October 20, 2016: JCI Insight
Erin M M Weisenhorn, Thomas J Van't Erve, Nicholas M Riley, John R Hess, Thomas J Raife, Joshua J Coon
Each year over 90 million units of blood are transfused worldwide. Our dependence on this blood supply mandates optimized blood management and storage. During storage, red blood cells undergo degenerative processes resulting in altered metabolic characteristics which may make blood less viable for transfusion. However, not all stored blood spoils at the same rate, a difference that has been attributed to variable rates of energy usage and metabolism in red blood cells. Specific metabolite abundances are heritable traits; however, the link between heritability of energy metabolism and red blood cell storage profiles is unclear...
October 24, 2016: Molecular & Cellular Proteomics: MCP
Gabriella de M Abreu, Débora Cristina T Valença, Mário Campos, Camilla P da Silva, João S Pereira, Marco A Araujo Leite, Ana Lucia Rosso, Denise H Nicaretta, Luiz Felipe R Vasconcellos, Delson José da Silva, Marcus V Della Coletta, Jussara M Dos Santos, Andressa P Gonçalves, Cíntia B Santos-Rebouças, Márcia M G Pimentel
INTRODUCTION: Amongst Parkinson's disease (PD) genetic factors, mutations in LRRK2, SNCA, VPS35 and GBA genes are recognized causes of PD. Nonetheless, few genetic screenings have been conducted in families with a history of PD consistent with autosomal dominant inheritance (ADPD), and their relevance to the etiology of PD has been poorly explored in Latin American populations, such as the Brazilian one, with a high degree of admixture. METHODS: In order to assess the contribution of specific mutations in LRRK2, SNCA, VPS35 and GBA genes to ADPD in Brazil, we conducted the first molecular evaluation in a cohort of 141 index cases from families with ADPD...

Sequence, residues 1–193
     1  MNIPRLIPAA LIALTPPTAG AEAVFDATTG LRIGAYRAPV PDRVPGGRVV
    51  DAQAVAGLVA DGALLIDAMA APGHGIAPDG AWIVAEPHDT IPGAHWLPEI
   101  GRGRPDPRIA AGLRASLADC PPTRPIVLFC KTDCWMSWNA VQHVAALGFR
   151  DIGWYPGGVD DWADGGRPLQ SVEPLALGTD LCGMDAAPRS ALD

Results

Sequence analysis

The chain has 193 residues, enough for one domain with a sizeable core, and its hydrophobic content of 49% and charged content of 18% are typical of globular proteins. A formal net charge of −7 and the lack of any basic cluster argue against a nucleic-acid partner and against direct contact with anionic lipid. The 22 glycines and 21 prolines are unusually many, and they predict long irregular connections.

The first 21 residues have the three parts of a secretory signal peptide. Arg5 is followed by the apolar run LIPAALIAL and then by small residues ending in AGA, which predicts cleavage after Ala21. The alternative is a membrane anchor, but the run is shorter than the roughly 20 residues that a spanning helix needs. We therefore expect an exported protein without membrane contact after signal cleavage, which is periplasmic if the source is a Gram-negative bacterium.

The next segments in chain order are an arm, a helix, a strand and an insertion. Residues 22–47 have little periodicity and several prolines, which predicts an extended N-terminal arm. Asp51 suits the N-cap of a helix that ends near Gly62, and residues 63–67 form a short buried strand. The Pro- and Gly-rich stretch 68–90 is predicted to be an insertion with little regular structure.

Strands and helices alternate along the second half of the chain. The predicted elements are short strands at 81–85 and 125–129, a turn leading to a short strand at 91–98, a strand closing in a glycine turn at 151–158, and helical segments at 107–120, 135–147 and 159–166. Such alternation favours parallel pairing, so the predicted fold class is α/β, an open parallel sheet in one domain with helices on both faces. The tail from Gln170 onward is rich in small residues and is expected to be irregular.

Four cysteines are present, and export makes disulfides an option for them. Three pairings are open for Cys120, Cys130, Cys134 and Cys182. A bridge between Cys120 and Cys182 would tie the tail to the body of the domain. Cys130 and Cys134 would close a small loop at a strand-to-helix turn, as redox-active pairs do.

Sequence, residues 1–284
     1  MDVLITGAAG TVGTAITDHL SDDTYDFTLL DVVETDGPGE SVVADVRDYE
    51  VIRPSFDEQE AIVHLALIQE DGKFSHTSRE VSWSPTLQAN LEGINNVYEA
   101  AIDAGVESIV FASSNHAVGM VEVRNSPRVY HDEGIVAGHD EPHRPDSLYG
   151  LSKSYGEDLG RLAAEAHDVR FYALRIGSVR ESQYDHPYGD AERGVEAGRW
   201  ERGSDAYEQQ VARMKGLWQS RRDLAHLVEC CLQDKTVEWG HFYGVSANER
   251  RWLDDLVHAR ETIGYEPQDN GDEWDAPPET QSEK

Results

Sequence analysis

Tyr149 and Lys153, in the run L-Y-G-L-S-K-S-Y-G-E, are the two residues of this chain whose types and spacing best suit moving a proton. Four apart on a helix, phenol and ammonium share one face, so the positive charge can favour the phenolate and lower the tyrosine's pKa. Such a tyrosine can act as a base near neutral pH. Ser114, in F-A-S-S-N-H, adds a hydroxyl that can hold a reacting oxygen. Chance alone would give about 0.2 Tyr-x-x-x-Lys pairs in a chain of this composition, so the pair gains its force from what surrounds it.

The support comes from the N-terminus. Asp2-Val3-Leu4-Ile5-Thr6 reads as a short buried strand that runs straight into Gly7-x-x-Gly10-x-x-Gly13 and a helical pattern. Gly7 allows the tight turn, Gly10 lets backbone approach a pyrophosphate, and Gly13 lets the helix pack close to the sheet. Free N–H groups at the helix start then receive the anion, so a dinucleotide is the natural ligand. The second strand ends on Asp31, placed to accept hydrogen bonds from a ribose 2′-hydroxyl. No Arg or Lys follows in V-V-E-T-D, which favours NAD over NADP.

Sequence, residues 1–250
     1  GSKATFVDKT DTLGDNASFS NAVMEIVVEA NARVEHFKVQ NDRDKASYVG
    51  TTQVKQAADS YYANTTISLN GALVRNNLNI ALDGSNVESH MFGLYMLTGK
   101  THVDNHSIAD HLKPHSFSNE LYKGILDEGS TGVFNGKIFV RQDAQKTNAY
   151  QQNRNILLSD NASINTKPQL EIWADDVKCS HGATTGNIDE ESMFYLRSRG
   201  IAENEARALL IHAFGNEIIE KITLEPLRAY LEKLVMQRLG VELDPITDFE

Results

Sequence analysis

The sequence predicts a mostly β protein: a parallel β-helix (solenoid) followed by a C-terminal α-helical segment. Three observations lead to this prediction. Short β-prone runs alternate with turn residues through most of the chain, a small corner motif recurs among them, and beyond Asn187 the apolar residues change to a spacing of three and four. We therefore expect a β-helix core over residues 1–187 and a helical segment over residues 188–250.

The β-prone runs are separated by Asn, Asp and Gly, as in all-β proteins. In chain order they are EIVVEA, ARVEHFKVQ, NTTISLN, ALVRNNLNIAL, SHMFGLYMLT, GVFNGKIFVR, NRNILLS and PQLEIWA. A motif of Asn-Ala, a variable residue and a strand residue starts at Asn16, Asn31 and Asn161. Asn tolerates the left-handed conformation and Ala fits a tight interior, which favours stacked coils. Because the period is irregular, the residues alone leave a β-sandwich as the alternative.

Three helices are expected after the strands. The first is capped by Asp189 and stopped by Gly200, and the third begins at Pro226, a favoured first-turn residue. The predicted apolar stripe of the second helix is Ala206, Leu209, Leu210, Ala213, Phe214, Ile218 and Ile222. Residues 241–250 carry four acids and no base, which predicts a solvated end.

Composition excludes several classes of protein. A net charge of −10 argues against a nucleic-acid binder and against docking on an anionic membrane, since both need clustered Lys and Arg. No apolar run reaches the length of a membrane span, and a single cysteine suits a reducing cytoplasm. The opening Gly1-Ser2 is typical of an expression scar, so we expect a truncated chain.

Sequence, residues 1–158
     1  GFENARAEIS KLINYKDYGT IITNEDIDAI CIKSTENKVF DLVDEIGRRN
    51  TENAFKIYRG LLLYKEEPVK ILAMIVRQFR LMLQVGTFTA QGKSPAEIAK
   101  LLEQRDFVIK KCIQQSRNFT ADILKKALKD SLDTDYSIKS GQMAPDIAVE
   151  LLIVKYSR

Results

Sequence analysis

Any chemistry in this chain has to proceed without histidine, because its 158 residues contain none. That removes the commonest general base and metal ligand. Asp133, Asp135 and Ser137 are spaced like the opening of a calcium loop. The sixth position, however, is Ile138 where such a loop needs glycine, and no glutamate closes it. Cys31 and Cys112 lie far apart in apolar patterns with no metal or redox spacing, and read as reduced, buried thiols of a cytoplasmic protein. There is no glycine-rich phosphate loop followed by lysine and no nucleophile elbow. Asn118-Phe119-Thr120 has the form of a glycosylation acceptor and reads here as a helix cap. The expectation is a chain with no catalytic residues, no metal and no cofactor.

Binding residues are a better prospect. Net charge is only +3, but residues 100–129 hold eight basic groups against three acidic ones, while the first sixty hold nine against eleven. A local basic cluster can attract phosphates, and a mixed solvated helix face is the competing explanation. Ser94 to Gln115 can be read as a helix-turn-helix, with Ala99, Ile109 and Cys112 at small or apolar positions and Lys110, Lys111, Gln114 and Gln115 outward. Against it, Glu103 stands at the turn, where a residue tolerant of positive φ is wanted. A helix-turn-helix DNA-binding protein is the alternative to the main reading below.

October 21, 2016: Neuroscience Letters
Natalie S Ryan, Jennifer M Nicholas, Philip S J Weston, Yuying Liang, Tammaryn Lashley, Rita Guerreiro, Gary Adamson, Janna Kenny, Jon Beck, Lucia Chavez-Gutierrez, Bart de Strooper, Tamas Revesz, Janice Holton, Simon Mead, Martin N Rossor, Nick C Fox
BACKGROUND: The causes of phenotypic heterogeneity in familial Alzheimer's disease with autosomal dominant inheritance are not well understood. We aimed to characterise clinical phenotypes and genetic associations with APP and PSEN1 mutations in symptomatic autosomal dominant familial Alzheimer's disease (ADAD). METHODS: We retrospectively analysed genotypic and phenotypic data (age at symptom onset, initial cognitive or behavioural symptoms, and presence of myoclonus, seizures, pyramidal signs, extrapyramidal signs, and cerebellar signs) from all individuals with ADAD due to APP or PSEN1 mutations seen at the Dementia Research Centre in London, UK...
October 21, 2016: Lancet Neurology
Mengxuan Tang, Davis C Ryman, Eric McDade, Mateusz S Jasielec, Virginia D Buckles, Nigel J Cairns, Anne M Fagan, Alison Goate, Daniel S Marcus, Chengjie Xiong, Ricardo F Allegri, Jasmeer P Chhatwal, Adrian Danek, Martin R Farlow, Nick C Fox, Bernardino Ghetti, Neill R Graff-Radford, Christopher Laske, Ralph N Martins, Colin L Masters, Richard P Mayeux, John M Ringman, Martin N Rossor, Stephen P Salloway, Peter R Schofield, John C Morris, Randall J Bateman